Compound Interest

How To Build Wealth Using The Rule of 72

Many people long to build wealth. They want the freedom of not living from paycheck to paycheck. Different voices share various methods of increasing your net worth.

The diversity of financial voices can confuse, even leading to feeling overwhelmed. A method you can apply to cut through the noise is to focus on tested and proven money principles. The rule of 72 is an example of a framework that generally works regardless of perspective.

What is the rule of 72? How does it impact your finances? Why should you consider it?


Its Origins

The rule of 72 traces its origins to more than half a century ago. A gentleman from Italy, Luca Pacioli, shares it. Centuries later, the rule still works.

When Luca Pacioli presents the formula, he does not bother explaining or elaborating it. This act makes historians think that someone else before him had discovered it. It would explain why he did not need to detail it to his listeners.

He introduced the concept in a book published in 1494. Schools in northern Italy used the book. Many consider Luca Pacioli as the father of accounting.


What Is The Rule of 72?

The rule of 72 is a formula that helps determine how long it takes for an amount to double at a given interest rate. The framework measures the investment period in years. The assumption is that the initial amount remains constant.

For example, if a financial product bears an interest rate of ten percent, it would take 7.2 years for the initial amount to double, an answer you get when you divide 72 by 10. A rate of three percent would increase the period to 24 years. An eight percent return would double the principal in 9 years.

The formula includes the money the initial interest earned will gain over time. The framework assumes a compounding effect. You can also use the structure to determine the impact in the opposite direction, for example, how fast your money will reduce to zero at a specific inflation rate.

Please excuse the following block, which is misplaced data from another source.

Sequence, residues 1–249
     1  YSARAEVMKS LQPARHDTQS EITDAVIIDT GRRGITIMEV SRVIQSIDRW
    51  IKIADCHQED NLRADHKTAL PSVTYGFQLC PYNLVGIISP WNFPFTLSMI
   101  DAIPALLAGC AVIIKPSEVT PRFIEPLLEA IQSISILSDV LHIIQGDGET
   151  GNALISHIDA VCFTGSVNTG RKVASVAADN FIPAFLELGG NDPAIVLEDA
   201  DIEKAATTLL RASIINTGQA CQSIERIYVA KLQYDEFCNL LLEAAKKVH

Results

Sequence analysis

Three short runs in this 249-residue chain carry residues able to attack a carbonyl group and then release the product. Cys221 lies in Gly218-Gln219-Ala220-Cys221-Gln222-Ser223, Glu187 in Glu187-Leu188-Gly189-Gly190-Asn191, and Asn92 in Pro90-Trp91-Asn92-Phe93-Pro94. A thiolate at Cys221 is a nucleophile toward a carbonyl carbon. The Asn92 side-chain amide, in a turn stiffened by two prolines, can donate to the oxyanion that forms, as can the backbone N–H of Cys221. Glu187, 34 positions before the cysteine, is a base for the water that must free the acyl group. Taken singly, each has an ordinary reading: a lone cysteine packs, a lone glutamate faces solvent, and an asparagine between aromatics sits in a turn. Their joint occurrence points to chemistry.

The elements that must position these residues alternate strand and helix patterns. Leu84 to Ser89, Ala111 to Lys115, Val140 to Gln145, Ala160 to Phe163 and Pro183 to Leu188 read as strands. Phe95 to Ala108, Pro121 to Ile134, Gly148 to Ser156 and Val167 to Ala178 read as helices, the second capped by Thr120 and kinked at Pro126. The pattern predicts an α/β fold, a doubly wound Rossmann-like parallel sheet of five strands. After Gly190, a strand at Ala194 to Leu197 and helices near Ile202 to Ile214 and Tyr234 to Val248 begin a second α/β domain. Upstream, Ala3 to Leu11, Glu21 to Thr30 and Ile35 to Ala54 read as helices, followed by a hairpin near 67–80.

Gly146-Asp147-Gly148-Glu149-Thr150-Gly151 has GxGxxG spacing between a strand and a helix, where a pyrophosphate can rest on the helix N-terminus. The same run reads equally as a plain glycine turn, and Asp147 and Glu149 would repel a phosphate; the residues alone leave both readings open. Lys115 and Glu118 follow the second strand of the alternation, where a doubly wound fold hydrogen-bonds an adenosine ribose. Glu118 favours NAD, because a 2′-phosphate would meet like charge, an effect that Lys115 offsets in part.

Exceptions to the rule of 72 include large capital amounts. The higher the number, the more likely you will notice that the result is not exact. Consider it as a general guideline.

Higher interest rates, for example, beyond twenty percent, also do not align with this formula. It generally works for rates that fall between four and twenty percent. The variances are because the number 72 is an estimation.

A deep dive into the calculation behind the formula gives a rounded-off figure of 72.7. You can see the impact of the decimal differences much more clearly with higher capital sums. However, it is more convenient to use numbers that are easily divisible.


Building Wealth Using The Rule of 72

A critical skill for building wealth is comparing financial products objectively. The rule of 72 helps you do this easily. Use it to compare investment offerings.

Shorten your journey to wealth by choosing the product that gives the highest return for your investment. Remember, money is finite. Opportunity cost, therefore, comes into play.

Practice using the rule of 72 when making investment decisions. Some online calculators account for related scenarios, for example, additional deposits to the seed capital, to give a better picture of the total amount to expect after an investment period. The formula simplifies for you the impact of compound interest.

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